California lawmakers approve package of gun-control bills

California lawmakers approve package of gun-control bills

California lawmakers on Wednesday approved a package of five gun control bills that include a measure to expand the state’s gun restraining law allowing courts to confiscate guns from people judged to be a danger either to themselves or others.

While current gun control laws allow only police and family members to seek a court order take away firearms from the person in question for a period of up to one year; the new bills would allow mental health professionals, school administrators, teachers, employers and co-workers also to file a petition with the court for gun-possession restraining orders.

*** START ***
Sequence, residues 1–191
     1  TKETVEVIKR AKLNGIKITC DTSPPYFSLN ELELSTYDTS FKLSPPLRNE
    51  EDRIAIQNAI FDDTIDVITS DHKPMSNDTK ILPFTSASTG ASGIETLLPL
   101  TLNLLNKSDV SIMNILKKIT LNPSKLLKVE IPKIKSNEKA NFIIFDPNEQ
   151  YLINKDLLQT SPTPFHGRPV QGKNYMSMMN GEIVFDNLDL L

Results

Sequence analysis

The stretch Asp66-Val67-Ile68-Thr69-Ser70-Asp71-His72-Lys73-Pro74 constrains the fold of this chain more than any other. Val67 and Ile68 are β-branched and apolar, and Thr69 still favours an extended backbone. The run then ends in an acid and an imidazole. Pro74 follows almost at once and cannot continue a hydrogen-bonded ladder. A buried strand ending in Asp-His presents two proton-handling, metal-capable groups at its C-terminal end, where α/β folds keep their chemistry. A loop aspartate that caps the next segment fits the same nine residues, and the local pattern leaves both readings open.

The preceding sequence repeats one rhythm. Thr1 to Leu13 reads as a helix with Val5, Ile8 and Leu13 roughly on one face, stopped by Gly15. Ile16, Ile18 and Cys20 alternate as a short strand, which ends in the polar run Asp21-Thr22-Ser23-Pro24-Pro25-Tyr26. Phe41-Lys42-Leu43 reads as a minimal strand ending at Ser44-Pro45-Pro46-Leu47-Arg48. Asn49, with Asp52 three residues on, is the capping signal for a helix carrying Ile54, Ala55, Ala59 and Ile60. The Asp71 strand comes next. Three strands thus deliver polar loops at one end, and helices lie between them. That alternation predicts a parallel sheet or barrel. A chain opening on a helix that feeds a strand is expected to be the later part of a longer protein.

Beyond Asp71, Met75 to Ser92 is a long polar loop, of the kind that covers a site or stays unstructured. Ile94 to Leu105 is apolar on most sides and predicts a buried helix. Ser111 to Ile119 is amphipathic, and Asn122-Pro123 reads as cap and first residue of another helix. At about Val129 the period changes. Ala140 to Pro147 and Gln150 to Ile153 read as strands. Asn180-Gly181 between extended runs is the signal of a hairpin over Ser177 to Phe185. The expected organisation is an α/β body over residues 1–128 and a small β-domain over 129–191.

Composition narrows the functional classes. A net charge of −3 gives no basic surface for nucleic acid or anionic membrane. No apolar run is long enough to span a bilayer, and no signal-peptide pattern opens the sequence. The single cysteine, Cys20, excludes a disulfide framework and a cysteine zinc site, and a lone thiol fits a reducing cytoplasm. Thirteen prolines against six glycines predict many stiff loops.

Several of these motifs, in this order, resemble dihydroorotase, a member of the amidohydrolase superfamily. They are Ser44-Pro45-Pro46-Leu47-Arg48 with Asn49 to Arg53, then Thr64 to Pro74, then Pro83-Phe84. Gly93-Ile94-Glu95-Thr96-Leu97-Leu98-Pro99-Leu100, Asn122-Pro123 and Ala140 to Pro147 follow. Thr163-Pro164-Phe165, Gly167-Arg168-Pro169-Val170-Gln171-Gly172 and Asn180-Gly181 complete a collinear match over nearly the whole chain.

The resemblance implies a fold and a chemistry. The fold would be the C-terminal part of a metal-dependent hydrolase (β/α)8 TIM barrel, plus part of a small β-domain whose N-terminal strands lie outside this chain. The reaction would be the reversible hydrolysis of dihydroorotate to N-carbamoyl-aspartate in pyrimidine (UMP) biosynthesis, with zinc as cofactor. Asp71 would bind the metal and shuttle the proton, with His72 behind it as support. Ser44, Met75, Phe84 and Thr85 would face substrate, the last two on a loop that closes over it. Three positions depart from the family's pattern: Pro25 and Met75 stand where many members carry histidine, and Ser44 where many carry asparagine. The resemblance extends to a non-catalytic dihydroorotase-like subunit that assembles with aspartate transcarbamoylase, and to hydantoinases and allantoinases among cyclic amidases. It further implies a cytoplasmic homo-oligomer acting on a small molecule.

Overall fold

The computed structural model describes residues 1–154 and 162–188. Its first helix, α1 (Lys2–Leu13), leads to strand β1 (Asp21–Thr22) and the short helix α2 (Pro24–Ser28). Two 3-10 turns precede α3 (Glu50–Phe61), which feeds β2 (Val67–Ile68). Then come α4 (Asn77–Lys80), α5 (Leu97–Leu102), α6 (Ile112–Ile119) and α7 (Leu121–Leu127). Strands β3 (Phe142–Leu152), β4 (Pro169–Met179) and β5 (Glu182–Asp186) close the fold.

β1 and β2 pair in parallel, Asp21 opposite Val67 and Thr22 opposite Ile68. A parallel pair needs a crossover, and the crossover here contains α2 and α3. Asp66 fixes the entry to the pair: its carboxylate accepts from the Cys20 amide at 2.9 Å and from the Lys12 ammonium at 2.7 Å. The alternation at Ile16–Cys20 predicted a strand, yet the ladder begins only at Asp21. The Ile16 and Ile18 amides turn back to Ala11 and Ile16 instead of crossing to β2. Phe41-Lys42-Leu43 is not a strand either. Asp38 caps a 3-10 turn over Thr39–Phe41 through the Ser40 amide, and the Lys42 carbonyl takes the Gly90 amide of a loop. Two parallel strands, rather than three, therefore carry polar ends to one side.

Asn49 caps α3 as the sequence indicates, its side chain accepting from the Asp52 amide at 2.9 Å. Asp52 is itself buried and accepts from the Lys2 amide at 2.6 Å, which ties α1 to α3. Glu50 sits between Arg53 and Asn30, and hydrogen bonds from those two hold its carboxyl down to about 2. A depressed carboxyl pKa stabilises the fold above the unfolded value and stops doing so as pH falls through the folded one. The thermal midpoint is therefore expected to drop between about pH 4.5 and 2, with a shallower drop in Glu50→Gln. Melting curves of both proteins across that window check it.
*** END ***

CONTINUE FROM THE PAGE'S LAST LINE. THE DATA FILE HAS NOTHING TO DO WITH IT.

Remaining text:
Arguing for his gun restraining law bill, Democratic Assemblyman Phil Ting invoked Wednesday’s fatal shooting occurred on the UCLA campus.

Seeking support for his bill, Ting said, “Right now the rights that I care about are the rights to go to school and not get shot. I don’t want to walk into my office and worry that I may be gunned down. Today’s shooting at UCLA was the 186th [school] shooting since Newtown, Conn., in 2012.”

But opponents like Sen. Rocky Chavez (R-Oceanside) called the bill an “overreach,” arguing that any such law would be infringing on 2nd Amendment rights.

The package of gun control bills, which were introduced in response to the deadly San Bernardino terrorist attack that killed 14 people last December, will now go to the Senate for consideration.

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